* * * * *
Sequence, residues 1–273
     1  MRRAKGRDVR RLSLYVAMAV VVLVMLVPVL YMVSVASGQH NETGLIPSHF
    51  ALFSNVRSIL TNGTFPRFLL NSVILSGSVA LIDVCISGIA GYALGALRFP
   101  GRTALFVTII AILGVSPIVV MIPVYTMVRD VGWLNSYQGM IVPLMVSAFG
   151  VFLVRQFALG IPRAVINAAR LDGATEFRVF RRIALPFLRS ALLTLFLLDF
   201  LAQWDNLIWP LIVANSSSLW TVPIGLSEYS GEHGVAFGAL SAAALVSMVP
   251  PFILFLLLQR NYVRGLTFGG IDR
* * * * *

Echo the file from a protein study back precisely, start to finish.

Sequence, residues 1–273
     1  MRRAKGRDVR RLSLYVAMAV VVLVMLVPVL YMVSVASGQH NETGLIPSHF
    51  ALFSNVRSIL TNGTFPRFLL NSVILSGSVA LIDVCISGIA GYALGALRFP
   101  GRTALFVTII AILGVSPIVV MIPVYTMVRD VGWLNSYQGM IVPLMVSAFG
   151  VFLVRQFALG IPRAVINAAR LDGATEFRVF RRIALPFLRS ALLTLFLLDF
   201  LAQWDNLIWP LIVANSSSLW TVPIGLSEYS GEHGVAFGAL SAAALVSMVP
   251  PFILFLLLQR NYVRGLTFGG IDR